Over the past decade, Japan's government took on a large number of construction projects aimed at giving the economy a "fiscal stimulus," taking on unprecedented levels of debt in the process.  Krugman wrote that while one might make fun of the worthless bridges, roads, and "tunnels to nowhere" that were built, the massive projects in his mind kept Japan from sliding into depression.  In other words, Krugman's recipe to cure the problem of massive malinvestments is for the government to get in the act itself and have its own set of wrongheaded investments.

 

In the meantime, the recession lingers.  This is not due to any mystery of the business cycle, but rather an example of natural law at work.  Present consumer markets simply will not support Japan's overburdened capital structure, and all the gyrations and manipulations by the authorities will not change that simple fact.  Had the government permitted the liquidation of malinvested capital a decade ago, Japan would be in recovery today.  Instead, it has a bleak future.

 

While many signs here have not been good, for the most part I have been optimistic over the last year about our chances for economic recovery.  The reason I say that is because the necessary liquidations here have been going apace.  Granted, Congress and the White House have committed major blunders like the infamous post September 11 airline bailout and the disastrous steel tariffs, but much of the needed "cleansing" of malinvested capital has continued apace and with little fanfare.  

 

The stock market bubbles of the late 1990s are ancient history, and the government's Microsoft settlement, while an abomination, at least gives some finality to a case that has stymied growth and investment in the high technology sector for several years.  In other words, the basis for recovery is being laid—despite the wrongheaded efforts of the fed.

 

However, by cutting interest rates and pushing up the money supply, the fed has done whatever is possible to make the necessary liquidation as long and painful as possible.  The rate cuts have sent very different messages from what market forces have been literally screaming for the past two years: deal with malinvested capital, please!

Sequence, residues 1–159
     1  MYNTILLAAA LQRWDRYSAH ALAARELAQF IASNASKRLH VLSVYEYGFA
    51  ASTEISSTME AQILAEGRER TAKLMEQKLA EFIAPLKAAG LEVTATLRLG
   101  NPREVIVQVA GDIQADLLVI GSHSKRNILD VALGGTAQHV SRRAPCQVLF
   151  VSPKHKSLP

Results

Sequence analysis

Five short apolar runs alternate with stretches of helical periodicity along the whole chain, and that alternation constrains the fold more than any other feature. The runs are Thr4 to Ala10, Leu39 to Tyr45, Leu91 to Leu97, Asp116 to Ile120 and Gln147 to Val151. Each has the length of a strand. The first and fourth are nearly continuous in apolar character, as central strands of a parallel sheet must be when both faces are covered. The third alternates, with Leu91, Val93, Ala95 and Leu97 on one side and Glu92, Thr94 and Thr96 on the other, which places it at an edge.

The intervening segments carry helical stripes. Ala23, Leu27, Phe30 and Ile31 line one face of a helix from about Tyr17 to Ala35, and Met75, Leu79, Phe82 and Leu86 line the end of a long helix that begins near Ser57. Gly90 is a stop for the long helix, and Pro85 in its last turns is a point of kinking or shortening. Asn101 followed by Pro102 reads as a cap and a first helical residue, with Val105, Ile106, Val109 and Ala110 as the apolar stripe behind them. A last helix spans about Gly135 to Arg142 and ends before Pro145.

Instead, the artificially low interest rates created by the Federal Reserve System have sent the false signals to investors that long-term capital projects are feasible—at the same time the financial markets have been saying the opposite.  This is extremely confusing, to say the least.

 

If investors are doing what the fed wishes—making large-scale capital investments—then they are prolonging the recession by trying to continue to string out bad investments.  On the other hand, it also is possible that investors recognize what the politicians refuse to see, that being many long-term projects that seemed promising a few years ago now are not viable.

           

One thing is for sure.  Greenspan's repeated attempts to manipulate interest rates do nothing for the economy.  At best, they are useless, except that they mean when the recovery occurs, investors will be enticed by artificially low interest rates and are sure to make large-scale errors in capital spending, creating conditions for a future recession.  At worst, they encourage continued investments into projects that should be in the process of liquidation, not expansion.

 

The best thing Greenspan can do, other than to close down the fraudulent entity known as the Federal Reserve System, is to sit back and do absolutely nothing.  A sedentary Alan Greenspan harms no one.  When he is active, however, watch out.  The man is dangerous.

 


William Anderson, an adjunct scholar of the Mises Institute, teaches economics at Frostburg State University. Send him MAIL. See his Mises.org Articles Archive.


Note: The views expressed on Mises.org are not necessarily those of the Mises Institute.